Special Report: photokina
Frances´ Fancy Page 2

I always look at cleaning materials because they sort of fit in with the darkroom. Indeed, I would have to do a lot more spotting if it weren't for Kinetronics (www.kinetronics.com). I've used their StaticWisks for years and the newest one in the line-up will be around my neck when I am next in the darkroom. The SW-010 is a small antistatic brush which retracts into a brass cowling. For a very stiff, firm brush (short bristles), pull the cowling back just a little way. For a very soft brush (long bristles), pull the cowling all the way back. The brush comes with a breakaway lanyard so you can wear it around your neck. Kinetronics also has new cleaning kits for laptops and portable DVDs, as well as a new antistatic microfiber cloth called the Panther Cloth.

LensPen (www.lenspen.com) has a new range of products for cleaning camera phone lenses, scanners, TV screens, monitors, laptops, and copiers, all making use of their patented cleaning technology. Real-world tests with greasy fingerprints actually work: there are few if any faster ways to remove dirt and smudges.

And to return to cameras, Minox (www.minox.com) had three new digital "babies," a circular 6-megapixel version with seven diamonds set around it; a more conventional-looking camera with 24 karat gold plating, three diamonds, and 4.2 megapixels; and a miniature Leica M3 with a big "bulb" flash and 4.0 megapixels. Diamonds are forever so the diamond-studded cameras should last longer than the average snapshot camera...

Pick Of The Show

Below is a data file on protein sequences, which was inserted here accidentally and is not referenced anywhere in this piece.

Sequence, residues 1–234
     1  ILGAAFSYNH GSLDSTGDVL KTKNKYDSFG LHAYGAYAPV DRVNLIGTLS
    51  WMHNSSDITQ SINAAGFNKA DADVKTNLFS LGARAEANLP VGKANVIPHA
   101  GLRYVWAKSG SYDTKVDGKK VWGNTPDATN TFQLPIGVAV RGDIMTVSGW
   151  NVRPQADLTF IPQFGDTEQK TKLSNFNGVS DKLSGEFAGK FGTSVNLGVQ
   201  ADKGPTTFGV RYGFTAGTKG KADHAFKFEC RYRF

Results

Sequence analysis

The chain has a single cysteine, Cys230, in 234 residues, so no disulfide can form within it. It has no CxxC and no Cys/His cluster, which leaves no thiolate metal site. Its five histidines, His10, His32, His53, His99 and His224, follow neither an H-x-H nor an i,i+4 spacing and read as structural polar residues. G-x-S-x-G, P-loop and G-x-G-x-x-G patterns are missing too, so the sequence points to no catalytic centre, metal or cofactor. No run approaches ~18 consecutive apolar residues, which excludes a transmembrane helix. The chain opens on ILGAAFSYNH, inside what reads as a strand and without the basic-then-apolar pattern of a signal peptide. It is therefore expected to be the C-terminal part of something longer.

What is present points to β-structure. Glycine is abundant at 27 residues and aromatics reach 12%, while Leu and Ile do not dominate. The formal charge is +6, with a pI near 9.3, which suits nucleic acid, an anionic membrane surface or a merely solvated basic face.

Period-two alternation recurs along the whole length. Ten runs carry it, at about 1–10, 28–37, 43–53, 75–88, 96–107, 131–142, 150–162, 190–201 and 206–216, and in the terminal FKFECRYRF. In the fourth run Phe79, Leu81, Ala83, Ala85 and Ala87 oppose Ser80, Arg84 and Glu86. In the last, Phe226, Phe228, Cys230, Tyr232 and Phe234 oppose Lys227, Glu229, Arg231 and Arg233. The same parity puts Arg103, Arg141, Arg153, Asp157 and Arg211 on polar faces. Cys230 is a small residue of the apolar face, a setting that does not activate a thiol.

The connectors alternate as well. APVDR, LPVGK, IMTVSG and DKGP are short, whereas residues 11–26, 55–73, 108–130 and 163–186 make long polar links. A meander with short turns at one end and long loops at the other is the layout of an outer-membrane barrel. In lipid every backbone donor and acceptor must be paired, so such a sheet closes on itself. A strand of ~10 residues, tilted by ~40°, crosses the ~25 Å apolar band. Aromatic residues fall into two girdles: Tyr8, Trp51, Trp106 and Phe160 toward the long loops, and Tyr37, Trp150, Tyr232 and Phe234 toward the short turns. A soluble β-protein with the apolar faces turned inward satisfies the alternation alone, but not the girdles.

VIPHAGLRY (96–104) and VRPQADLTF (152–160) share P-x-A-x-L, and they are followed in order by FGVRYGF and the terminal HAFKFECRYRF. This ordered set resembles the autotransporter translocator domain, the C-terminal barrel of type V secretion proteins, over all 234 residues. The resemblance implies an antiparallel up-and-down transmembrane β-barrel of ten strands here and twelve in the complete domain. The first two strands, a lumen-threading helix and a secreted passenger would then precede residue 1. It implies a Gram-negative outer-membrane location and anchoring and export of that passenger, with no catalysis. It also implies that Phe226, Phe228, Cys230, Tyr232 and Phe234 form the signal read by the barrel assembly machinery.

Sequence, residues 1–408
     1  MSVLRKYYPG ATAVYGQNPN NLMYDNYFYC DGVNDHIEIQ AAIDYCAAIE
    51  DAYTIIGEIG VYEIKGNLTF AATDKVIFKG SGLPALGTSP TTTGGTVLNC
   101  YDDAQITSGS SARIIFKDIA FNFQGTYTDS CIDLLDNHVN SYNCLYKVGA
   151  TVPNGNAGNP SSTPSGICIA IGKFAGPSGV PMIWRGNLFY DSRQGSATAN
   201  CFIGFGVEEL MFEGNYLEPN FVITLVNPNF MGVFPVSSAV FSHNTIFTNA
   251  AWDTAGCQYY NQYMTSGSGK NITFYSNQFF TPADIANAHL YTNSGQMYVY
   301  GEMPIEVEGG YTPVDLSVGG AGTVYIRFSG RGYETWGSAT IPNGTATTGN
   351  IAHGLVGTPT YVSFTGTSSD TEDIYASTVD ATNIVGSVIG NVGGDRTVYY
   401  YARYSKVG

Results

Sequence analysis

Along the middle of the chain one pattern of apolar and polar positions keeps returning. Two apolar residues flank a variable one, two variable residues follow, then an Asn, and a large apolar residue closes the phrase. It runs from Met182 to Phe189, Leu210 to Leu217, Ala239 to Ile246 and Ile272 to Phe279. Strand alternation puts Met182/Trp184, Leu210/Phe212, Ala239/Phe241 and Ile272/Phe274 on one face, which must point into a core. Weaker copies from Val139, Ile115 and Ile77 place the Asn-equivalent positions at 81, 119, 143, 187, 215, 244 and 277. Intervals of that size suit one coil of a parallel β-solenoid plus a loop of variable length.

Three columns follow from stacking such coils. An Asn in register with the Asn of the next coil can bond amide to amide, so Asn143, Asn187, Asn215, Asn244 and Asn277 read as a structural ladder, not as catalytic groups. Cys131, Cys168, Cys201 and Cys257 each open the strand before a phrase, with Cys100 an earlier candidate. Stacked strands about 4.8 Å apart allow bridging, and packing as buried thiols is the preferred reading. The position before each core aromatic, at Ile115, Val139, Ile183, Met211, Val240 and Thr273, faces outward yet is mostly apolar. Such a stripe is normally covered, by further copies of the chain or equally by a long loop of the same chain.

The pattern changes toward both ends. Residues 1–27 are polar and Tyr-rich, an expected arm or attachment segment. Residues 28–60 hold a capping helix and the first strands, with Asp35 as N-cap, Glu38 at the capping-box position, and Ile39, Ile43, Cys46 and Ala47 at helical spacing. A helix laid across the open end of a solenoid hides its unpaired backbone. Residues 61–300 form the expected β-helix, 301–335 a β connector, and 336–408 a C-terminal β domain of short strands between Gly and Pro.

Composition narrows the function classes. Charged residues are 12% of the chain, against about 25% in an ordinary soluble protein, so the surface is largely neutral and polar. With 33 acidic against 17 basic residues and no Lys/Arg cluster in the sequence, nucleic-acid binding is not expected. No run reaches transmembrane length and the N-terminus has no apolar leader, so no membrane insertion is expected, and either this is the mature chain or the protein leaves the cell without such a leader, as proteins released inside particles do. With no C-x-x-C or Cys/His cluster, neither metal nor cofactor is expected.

If I could have anything that I wanted at the show, it would be a rangefinder Leica from the "a la carte" selection: a silver chrome MP with red leather, 0.85x finder, and M7-style rewind. Engraved "F.E.S.," too: why not? Discreetly, on the back, of course. I'd heard about a la carte Leicas when we were giving print critiques on the Leica stand at Arles in July, but this was the first time I had seen them. Wow!

In the areas I was specifically covering, though, I'd go for the new carbon-fiber travel tripod from Gitzo. As far as I know, it's a unique design: the legs fold through 156Þ, so that when they are folded down, the center column is already pointing straight upward, instead of hiding between the legs. Compact, light, elegant, and easy to set up, it would be the perfect complement to the MP. Or indeed to the Leicas and Voigtländers that I already have.

For that matter, I was really impressed by the new Basalt line from the same company. They melt basalt rock at 1500Þ C (over 2700Þ F) and extrude it into fibers. This is then formed into tripod legs via a resin impregnation bath and die-extrusion, in somewhat the same way as carbon fiber. Incredibly, this material is cheaper than carbon fiber, and has many of the same desirable characteristics. It is about 20 percent lighter than light alloy tubing of comparable strength, and is also much more "dead"--in other words, it absorbs vibration better. It looks good, too. What more could you ask for? Well, a Leica a la carte for a start...